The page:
What is with U.S. Senator John McCain?
Love him or hate him or somewhere in-between, President Donald Trump’s raucous start has seen unprecedented press coverage of the opposition to his activities. Whether it is a federal district court judge, Democratic leaders in Congress, or rioters and protesters in the streets, the left-leaning media has enjoyed reporting it all.
The traditional presidential “honeymoon”? Not a chance — and that became clear only days into the transition back in November. As Jonathan S. Tobin wrote in the National Review, “everything Trump and the Republicans say or do is seen as a harbinger of the Apocalypse…” It is, as Tobin also said, “a uniquely hostile media environment.” That isn’t much of surprise based on how the media covered Trump since his campaign began.
What is troubling, however, is that there are Republican politicians in Washington wanting to join in the “anti-Trump” fray less than a month into his presidency. One of the more high-profile examples is the failed 2008 GOP presidential nominee U.S. Senator John McCain.
On the day that National Security Advisor Michael Flynn resigned, here was McCain’s Valentine to President Trump: “General Flynn’s resignation is a troubling indication of the dysfunction of the current national security apparatus.”
Intramural disagreement within a political party is absolutely normal and to be expected. One might question, however, why we have to read a headline like this only weeks into an administration: “John McCain has emerged as a leading Republican dissenter.”
Sen. McCain, who turned 80 back in August, publicly called the recent American military action in Yemen a failure. President Trump responded via text: “Sen. McCain should not be talking about the success or failure of a mission to the media. Only emboldens the enemy!”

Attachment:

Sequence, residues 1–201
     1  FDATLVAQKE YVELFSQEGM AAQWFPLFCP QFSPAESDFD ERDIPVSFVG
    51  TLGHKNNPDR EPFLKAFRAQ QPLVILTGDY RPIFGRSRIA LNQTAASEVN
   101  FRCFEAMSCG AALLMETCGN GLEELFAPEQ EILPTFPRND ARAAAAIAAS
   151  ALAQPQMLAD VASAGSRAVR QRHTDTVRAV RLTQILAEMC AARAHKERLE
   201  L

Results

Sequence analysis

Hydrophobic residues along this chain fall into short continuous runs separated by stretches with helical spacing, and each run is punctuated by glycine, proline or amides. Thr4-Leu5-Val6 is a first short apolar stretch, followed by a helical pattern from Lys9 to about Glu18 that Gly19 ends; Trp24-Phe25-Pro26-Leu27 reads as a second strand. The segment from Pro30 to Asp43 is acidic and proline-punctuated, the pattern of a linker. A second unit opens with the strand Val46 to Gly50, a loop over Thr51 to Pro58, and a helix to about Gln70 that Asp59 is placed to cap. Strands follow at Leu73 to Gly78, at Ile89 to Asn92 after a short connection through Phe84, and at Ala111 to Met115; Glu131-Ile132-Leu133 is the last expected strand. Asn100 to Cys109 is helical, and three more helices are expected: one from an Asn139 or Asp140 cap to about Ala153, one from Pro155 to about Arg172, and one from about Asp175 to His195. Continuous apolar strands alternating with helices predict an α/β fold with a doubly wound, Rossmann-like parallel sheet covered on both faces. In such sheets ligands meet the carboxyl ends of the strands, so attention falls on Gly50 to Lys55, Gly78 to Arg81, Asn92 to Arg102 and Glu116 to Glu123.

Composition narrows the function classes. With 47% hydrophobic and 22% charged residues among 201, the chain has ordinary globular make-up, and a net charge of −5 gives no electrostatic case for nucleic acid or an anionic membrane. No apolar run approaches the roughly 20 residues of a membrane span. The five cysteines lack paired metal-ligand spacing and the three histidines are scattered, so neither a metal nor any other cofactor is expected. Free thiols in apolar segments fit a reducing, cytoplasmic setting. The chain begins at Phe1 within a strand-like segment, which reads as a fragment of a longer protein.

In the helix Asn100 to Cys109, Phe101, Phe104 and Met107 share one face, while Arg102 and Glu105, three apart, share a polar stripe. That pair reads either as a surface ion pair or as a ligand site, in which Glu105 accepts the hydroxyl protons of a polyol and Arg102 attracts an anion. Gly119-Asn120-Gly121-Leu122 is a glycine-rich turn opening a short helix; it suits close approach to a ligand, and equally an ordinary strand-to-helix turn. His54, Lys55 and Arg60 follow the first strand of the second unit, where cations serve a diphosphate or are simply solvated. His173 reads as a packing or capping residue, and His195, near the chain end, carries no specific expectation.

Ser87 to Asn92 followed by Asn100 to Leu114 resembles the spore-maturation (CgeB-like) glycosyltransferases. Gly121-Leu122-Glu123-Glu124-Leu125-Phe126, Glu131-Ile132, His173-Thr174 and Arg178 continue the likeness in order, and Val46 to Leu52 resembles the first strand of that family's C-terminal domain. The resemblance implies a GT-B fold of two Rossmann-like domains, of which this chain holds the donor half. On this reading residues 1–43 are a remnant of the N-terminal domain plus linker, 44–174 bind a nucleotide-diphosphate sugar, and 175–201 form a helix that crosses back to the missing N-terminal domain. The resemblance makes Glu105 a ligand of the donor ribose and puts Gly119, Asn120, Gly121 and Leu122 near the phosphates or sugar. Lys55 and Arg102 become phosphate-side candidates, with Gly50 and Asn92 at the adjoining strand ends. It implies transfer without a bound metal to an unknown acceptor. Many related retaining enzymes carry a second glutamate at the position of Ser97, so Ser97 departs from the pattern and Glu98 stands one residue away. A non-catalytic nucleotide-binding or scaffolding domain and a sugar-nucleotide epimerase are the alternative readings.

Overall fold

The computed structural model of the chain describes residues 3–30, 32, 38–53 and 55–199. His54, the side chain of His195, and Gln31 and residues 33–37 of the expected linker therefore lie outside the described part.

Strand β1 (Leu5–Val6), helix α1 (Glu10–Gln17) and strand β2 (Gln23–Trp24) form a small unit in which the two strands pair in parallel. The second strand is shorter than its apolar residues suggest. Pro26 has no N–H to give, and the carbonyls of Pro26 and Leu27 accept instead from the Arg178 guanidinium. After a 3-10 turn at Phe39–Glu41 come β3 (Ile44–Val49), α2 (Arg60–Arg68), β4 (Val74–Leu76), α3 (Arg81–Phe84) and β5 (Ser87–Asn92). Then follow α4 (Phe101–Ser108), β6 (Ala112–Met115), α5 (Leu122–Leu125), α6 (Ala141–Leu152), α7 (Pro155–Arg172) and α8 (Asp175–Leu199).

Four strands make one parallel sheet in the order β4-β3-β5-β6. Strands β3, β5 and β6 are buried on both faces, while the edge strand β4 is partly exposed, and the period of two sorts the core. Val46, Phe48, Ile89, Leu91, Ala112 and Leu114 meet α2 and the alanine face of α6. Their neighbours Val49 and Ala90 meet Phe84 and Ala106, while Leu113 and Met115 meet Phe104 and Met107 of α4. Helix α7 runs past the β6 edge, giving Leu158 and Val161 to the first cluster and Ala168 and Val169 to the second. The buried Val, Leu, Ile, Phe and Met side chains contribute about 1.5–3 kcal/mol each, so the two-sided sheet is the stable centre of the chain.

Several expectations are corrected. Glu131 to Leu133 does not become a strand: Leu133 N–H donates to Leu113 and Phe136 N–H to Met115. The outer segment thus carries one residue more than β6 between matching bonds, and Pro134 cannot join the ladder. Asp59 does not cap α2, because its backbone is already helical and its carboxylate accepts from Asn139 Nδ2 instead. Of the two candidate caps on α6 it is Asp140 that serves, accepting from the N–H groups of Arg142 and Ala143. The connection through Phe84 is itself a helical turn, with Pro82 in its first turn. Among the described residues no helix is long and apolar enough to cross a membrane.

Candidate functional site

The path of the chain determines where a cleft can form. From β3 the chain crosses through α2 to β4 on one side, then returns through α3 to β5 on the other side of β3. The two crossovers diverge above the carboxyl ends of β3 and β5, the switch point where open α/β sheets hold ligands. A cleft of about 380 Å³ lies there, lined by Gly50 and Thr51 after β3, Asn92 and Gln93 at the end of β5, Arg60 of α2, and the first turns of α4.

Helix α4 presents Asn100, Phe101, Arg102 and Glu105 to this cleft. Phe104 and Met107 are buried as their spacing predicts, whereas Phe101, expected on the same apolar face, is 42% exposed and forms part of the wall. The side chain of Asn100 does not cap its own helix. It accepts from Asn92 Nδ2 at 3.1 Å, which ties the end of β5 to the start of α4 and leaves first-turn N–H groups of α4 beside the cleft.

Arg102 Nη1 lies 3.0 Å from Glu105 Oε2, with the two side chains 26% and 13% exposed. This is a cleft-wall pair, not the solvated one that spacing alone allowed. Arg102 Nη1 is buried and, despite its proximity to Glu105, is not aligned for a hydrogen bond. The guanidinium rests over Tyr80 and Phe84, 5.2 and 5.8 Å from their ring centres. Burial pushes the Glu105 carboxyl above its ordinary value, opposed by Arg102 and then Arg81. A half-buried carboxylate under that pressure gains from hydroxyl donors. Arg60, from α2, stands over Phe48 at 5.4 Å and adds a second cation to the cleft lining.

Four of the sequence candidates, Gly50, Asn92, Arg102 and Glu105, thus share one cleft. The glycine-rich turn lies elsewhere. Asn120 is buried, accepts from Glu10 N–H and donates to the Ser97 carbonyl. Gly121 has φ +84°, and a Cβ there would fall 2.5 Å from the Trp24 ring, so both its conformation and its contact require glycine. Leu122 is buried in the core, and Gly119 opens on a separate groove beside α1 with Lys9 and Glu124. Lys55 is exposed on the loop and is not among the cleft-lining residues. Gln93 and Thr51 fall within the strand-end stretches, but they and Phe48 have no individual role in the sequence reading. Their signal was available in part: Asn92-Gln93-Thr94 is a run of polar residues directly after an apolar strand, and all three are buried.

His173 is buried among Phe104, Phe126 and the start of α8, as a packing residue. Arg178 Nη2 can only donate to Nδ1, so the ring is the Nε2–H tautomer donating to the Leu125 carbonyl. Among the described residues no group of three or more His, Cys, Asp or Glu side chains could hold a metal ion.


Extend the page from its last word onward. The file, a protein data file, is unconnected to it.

Sen. McCain has suggested that he will not support Trump’s nominee to head the Office of Management and Budget, Mick Mulvaney. McCain believes Mulvaney want to slash defense spending, even though President Trump has repeatedly made rebuilding the military one of the pillars of his campaign.
Sen. McCain has provided Republican opposition fodder to the media on other issues as well, criticizing both Trump’s Executive Orders and Cabinet choices.
With Leftists growing hysteria in reaction to President Trump and the liberal media’s full cooperation in trying to undermine the new administration’s every step, it hardly seems necessary for Sen. McCain to be joining in so soon. Opposition from Democrats was expected on Day One. Republicans should give their new president a honeymoon period before piling on.